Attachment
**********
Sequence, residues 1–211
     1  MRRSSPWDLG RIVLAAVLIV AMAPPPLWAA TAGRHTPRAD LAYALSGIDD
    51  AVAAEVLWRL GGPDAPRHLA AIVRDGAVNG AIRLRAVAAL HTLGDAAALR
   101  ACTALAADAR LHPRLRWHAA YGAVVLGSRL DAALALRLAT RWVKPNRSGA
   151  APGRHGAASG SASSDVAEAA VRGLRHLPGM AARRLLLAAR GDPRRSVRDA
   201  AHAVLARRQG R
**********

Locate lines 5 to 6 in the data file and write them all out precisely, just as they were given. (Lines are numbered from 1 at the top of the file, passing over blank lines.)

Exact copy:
   151  APGRHGAASG SASSDVAEAA VRGLRHLPGM AARRLLLAAR GDPRRSVRDA
   201  AHAVLARRQG R